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A French coffee on a table next to a croissant
COFFEE CULTURE - TRAVEL

French Coffee and Culture

 

French coffee has its own reputation. Whilst not as infamous as Italian coffee, drinking coffee in France is still very much an important part of the daily routine. French coffee is a culture in its own right, and as such there are certain etiquettes and traditions that should be followed.

From its beginnings in Paris to the common coffee drinking etiquette in present day France, there’s much to discover about the French coffee culture. Keep reading to find out all you need to know and satisfy the coffee connoisseur in you.

The history of the French café

French coffee culture actually dates back centuries, primarily in Paris, where cafés would be a place of gathering for men to discuss news, gossip and business. Then, they would later become a place for revolutionists to discuss politics, to the Restoration period, which brought the more relaxed coffee drinking experience that we see today, meeting friends and leisurely catching up.

Sit back and enjoy the coffee

Cafés in France are places to indulge and enjoy coffee. Sitting in the main dining area or outside on the terrace on a hot summers’ day means that you plan on staying for a while and will be waited on. It is all about the coffee experience in France, where you can relax and watch passers-by. Whereas the bar area is for quick stops and no waiting service.

French coffee roast

French roast is a regional coffee roasting style. In the 19th century, dark roast coffee was exceptionally popular. French coffee was one of the darkest roasts, and still remains so. For French coffee, the coffee beans do not need to be from any specific place, as it’s all in the process of roasting.

French roast coffee is intense, smoky and bold in flavour. During the roasting process, the internal temperature of the coffee beans reaches a very high temperature of 240 degrees Celsius. As the colour of the coffee beans begins to darken, more coffee oils appear on the surface. That is why French roast coffee beans are a darker brown and covered with oil.

During the roasting process, French roast coffee beans reach a "second crack". This means the beans make two cracking noises: one from the release of steam and the other when the cell walls of the beans break down and release oils. In most roasts, coffee beans only crack once. The darker the roast, the less caffeine content there is too.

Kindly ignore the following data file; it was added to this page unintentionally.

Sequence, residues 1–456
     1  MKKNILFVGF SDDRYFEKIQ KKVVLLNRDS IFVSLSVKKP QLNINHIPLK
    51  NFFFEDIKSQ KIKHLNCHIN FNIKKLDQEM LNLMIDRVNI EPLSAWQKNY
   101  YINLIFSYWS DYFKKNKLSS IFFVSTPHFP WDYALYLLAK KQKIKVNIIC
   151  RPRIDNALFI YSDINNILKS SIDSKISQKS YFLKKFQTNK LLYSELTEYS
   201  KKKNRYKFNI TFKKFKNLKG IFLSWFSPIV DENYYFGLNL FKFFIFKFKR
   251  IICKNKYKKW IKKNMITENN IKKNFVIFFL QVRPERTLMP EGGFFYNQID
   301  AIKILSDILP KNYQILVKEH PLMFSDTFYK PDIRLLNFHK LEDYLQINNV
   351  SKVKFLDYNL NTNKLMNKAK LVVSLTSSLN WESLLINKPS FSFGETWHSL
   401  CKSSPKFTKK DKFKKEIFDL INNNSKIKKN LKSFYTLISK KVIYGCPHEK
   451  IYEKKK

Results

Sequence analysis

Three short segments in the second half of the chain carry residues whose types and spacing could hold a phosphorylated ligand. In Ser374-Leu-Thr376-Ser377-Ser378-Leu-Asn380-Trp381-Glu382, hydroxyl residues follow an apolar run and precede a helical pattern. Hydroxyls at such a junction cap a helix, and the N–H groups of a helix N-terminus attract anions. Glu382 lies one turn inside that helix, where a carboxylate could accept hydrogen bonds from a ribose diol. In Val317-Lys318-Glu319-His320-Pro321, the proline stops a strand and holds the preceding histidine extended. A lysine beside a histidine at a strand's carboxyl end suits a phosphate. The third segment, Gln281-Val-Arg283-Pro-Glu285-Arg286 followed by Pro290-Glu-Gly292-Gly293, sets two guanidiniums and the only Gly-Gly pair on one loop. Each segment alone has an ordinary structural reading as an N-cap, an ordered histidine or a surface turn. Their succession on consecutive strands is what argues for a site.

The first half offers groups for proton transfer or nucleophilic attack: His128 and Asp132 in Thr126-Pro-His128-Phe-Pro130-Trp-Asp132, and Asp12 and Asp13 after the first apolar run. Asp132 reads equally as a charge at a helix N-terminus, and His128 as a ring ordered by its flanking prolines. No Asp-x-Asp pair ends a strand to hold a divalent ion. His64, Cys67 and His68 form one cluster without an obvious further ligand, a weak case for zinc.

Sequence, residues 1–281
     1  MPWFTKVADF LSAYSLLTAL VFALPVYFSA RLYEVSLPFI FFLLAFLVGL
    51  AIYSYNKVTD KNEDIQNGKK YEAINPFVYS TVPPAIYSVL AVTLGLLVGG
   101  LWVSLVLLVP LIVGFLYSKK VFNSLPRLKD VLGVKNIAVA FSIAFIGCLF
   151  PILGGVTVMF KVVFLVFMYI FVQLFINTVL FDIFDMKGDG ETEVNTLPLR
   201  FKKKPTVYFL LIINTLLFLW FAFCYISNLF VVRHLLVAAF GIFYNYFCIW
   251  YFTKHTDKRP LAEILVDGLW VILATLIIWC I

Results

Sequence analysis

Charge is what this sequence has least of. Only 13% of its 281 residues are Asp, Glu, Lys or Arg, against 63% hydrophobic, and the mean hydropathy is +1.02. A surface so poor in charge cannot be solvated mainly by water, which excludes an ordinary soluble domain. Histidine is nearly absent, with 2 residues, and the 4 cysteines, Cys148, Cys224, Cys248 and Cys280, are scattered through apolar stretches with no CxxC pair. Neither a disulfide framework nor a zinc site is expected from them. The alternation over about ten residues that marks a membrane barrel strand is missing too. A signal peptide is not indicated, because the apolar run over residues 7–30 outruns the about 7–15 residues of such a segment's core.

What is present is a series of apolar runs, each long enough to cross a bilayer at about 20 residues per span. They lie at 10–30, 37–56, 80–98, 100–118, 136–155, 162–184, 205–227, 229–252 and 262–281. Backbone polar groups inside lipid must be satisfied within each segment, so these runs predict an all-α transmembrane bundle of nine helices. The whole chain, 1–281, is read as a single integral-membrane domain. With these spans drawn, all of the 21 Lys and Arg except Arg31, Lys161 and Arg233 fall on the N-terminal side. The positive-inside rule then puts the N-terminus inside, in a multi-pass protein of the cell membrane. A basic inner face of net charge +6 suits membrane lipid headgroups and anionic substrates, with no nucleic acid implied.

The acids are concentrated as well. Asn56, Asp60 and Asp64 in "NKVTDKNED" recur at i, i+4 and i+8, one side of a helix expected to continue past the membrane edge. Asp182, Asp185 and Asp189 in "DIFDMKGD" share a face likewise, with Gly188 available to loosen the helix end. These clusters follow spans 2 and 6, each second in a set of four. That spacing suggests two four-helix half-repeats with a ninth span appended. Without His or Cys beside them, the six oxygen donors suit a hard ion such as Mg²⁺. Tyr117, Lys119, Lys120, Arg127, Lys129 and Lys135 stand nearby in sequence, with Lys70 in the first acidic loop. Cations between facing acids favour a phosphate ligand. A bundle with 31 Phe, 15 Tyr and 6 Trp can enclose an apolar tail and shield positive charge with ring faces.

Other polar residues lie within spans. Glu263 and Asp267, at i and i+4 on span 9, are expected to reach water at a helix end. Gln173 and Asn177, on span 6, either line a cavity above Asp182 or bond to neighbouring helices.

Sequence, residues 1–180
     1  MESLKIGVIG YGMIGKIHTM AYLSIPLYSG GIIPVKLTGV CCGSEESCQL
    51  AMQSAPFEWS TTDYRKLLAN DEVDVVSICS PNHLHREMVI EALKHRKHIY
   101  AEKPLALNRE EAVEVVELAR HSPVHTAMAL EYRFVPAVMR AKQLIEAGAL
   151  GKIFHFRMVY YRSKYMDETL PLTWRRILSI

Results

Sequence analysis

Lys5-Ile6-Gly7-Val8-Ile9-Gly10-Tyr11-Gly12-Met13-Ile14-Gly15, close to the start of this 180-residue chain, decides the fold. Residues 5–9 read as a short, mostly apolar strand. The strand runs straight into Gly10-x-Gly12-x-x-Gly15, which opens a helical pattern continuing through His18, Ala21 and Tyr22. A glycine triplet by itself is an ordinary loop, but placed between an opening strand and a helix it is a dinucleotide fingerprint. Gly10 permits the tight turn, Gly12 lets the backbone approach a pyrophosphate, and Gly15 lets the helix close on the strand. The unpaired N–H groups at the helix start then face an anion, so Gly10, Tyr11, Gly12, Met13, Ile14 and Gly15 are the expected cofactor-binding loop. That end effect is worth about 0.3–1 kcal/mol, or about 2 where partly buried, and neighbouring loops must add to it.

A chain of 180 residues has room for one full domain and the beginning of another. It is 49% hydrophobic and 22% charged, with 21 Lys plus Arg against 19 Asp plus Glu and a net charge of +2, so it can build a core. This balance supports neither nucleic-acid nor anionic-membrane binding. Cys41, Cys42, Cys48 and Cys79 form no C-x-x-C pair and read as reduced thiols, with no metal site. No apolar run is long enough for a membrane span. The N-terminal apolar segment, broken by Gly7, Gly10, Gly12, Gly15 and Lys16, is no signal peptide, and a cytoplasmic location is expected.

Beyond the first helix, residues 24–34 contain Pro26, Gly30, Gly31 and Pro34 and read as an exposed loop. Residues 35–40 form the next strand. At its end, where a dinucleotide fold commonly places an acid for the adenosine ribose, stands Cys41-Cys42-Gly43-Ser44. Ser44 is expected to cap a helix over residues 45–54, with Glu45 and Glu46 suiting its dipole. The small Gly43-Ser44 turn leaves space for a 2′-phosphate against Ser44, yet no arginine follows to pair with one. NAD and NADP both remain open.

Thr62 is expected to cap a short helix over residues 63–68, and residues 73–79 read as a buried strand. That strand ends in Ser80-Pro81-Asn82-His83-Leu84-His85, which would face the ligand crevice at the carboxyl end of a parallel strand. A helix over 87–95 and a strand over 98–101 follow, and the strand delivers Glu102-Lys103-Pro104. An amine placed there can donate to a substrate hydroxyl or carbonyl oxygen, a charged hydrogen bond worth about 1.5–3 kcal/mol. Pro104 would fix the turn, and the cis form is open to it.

Types of French coffee

When visiting an authentic French café, it’s important to remember that you are unlikely to see a coffee menu. For that reason, it’s good to have an understanding of the most common French coffee drinks available:

Café - traditional French coffee
What is it?

Café

If you order "un Café" in France, you will be served with a shot of Espresso, which is the most standard and popular coffee drink you will find in France. It is typically served in a short, small cup.

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Café au Lait - traditional French coffee
What is it?

Café au Lait

“Café au Lait” translates to “coffee with milk". Often, it is made with French pressed coffee and steamed milk is added. This coffee drink is very similar to a latte, but with even more milk. A Café au Lait is typically a breakfast drink.

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Café Crème- traditional French coffee
What is it?

Café Crème

Very similar to a Cappuccino, a Café Crème is an Espresso-based drink topped with a substantial amount of milky foam. This is again considered a breakfast drink and would not be typically drunk after 11am.

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Café Noisette – traditional French coffee
What is it?

Café Noisette

Café Noisette is very similar to the Italian macchiato. It is made with a shot of espresso with a splash of hot, foamy milk. "Noisette" translates to hazelnut, and made correctly, this will be the colour of your Café Noisette coffee drink.

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Café Americain - traditional French coffee
What is it?

Café Americain

Essentially, the Café Américain is a black Espresso coffee drink, served in a regular mug with added hot water. It is usually served without milk, which can be requested.

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Typically, milky French coffees are consumed only in the morning, usually with breakfast – such as a tartine or croissant – and served in a larger, bowl cup. Espresso is not commonly consumed alongside food and instead is drunk after a meal, or on its own in the afternoon.

Now you know all there is about French coffee and the culture, discover all about Spanish coffee.  

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